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ALBANY, N.Y. -- New York State stripped the license of a major Salamanca tobacco distributor, leaving retailers from the Seneca Nation of Indians scrambling to find new sources of cigarettes and casting doubt over the jobs of dozens of workers at the wholesale company, according to The Buffalo (N.Y.) News.
The state Department of Taxation and Finance quietly pulled the license of A.D. Bedell Co. last week, a month after its president and sole stockholder, Page Martin, pleaded guilty to racketeering conspiracy charges as part of a massive tobacco-smuggling ring, the newspaper reported.
Industry officials said the action against Bedell, a major supplier to Seneca smoke shops and Internet operators, has forced Indian retailers to frantically search out other wholesalers across the state to help them get cigarettes to their customers who have come to rely on the tax-free tobacco products from the Senecas, according to the news report.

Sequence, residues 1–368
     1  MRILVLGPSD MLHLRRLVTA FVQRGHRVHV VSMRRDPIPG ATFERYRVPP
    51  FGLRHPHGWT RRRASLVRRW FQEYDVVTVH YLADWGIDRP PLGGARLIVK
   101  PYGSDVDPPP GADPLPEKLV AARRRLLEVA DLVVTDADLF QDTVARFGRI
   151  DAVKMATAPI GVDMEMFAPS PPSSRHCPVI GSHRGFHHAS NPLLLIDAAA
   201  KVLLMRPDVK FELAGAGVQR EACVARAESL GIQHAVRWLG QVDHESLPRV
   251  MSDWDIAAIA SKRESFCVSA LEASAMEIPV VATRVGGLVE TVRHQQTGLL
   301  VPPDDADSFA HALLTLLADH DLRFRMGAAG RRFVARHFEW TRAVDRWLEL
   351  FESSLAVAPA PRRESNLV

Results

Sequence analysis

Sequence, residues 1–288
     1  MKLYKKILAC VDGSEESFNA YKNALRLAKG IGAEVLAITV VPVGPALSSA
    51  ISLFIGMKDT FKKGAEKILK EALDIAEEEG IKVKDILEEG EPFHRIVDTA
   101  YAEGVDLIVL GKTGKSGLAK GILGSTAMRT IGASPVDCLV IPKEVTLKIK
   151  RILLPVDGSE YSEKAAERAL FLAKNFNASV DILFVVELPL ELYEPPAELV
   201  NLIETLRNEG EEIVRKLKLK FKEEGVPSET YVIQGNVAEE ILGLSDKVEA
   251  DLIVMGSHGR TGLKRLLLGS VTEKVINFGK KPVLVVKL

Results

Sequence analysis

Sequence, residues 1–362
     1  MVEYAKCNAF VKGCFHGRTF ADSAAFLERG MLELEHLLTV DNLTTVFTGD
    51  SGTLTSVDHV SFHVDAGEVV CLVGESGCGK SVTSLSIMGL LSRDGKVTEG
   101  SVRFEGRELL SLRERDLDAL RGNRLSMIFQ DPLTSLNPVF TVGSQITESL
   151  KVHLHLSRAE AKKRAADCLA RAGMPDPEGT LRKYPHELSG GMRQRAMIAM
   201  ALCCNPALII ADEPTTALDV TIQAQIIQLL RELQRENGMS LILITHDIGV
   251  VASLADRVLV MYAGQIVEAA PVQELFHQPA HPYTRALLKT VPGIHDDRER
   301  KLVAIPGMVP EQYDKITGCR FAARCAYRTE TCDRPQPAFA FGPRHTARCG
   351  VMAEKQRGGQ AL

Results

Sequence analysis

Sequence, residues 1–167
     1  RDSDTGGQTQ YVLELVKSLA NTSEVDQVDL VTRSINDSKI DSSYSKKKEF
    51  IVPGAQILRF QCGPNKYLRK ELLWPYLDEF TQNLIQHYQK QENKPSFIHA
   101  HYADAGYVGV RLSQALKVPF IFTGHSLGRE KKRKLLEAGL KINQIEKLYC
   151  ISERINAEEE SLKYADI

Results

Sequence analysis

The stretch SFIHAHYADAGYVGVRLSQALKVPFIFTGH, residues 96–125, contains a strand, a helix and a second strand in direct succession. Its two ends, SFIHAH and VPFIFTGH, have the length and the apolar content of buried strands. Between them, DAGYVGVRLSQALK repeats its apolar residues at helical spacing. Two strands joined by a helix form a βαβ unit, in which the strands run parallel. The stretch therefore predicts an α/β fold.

Bedell's license to distribute cigarettes was lifted as of last Wednesday because of Martin's guilty plea and for violations of a number of tax laws relating to cigarette distribution. The firm has 90 days to appeal, according to Thomas Bergin, a tax agency spokesman, The Buffalo News reported.
Some Seneca leaders have been considering whether to buy the company as a way to help the tribe bypass a new law, expected to kick in next March, requiring the taxation of cigarette sales by Indians to non-Indians. The tax will be collected at the wholesale level. Some Seneca leaders believed that owning the company, as a wholesaler, could allow them to skirt the new law, the news report stated.
Industry insiders, however, say the idea would not give the Senecas the legal protections they seek.